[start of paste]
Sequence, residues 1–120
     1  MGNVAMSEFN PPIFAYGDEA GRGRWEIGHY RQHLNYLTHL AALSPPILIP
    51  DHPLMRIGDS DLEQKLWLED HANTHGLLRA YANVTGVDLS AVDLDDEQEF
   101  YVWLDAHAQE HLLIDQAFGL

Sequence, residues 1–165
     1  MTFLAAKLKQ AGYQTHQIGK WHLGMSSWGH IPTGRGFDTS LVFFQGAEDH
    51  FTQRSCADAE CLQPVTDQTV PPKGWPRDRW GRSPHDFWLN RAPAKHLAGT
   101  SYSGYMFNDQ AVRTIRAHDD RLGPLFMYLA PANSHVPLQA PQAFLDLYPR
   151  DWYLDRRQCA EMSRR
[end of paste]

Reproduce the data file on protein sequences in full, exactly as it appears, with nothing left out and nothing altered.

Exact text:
Sequence, residues 1–120
     1  MGNVAMSEFN PPIFAYGDEA GRGRWEIGHY RQHLNYLTHL AALSPPILIP
    51  DHPLMRIGDS DLEQKLWLED HANTHGLLRA YANVTGVDLS AVDLDDEQEF
   101  YVWLDAHAQE HLLIDQAFGL

Sequence, residues 1–165
     1  MTFLAAKLKQ AGYQTHQIGK WHLGMSSWGH IPTGRGFDTS LVFFQGAEDH
    51  FTQRSCADAE CLQPVTDQTV PPKGWPRDRW GRSPHDFWLN RAPAKHLAGT
   101  SYSGYMFNDQ AVRTIRAHDD RLGPLFMYLA PANSHVPLQA PQAFLDLYPR
   151  DWYLDRRQCA EMSRR